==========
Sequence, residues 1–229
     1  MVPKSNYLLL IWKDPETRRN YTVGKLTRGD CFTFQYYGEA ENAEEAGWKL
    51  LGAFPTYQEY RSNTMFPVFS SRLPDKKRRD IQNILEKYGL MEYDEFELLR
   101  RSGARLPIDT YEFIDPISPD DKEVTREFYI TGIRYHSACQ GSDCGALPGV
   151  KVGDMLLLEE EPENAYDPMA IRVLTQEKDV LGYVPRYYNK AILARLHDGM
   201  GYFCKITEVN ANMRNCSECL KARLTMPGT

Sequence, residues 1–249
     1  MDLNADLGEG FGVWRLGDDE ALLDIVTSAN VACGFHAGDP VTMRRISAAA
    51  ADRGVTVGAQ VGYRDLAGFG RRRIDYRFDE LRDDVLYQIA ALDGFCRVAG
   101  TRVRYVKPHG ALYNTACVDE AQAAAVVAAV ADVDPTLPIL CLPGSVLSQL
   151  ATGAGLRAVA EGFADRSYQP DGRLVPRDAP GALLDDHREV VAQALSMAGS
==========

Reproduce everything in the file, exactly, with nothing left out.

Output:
Sequence, residues 1–229
     1  MVPKSNYLLL IWKDPETRRN YTVGKLTRGD CFTFQYYGEA ENAEEAGWKL
    51  LGAFPTYQEY RSNTMFPVFS SRLPDKKRRD IQNILEKYGL MEYDEFELLR
   101  RSGARLPIDT YEFIDPISPD DKEVTREFYI TGIRYHSACQ GSDCGALPGV
   151  KVGDMLLLEE EPENAYDPMA IRVLTQEKDV LGYVPRYYNK AILARLHDGM
   201  GYFCKITEVN ANMRNCSECL KARLTMPGT

Sequence, residues 1–249
     1  MDLNADLGEG FGVWRLGDDE ALLDIVTSAN VACGFHAGDP VTMRRISAAA
    51  ADRGVTVGAQ VGYRDLAGFG RRRIDYRFDE LRDDVLYQIA ALDGFCRVAG
   101  TRVRYVKPHG ALYNTACVDE AQAAAVVAAV ADVDPTLPIL CLPGSVLSQL
   151  ATGAGLRAVA EGFADRSYQP DGRLVPRDAP GALLDDHREV VAQALSMAGS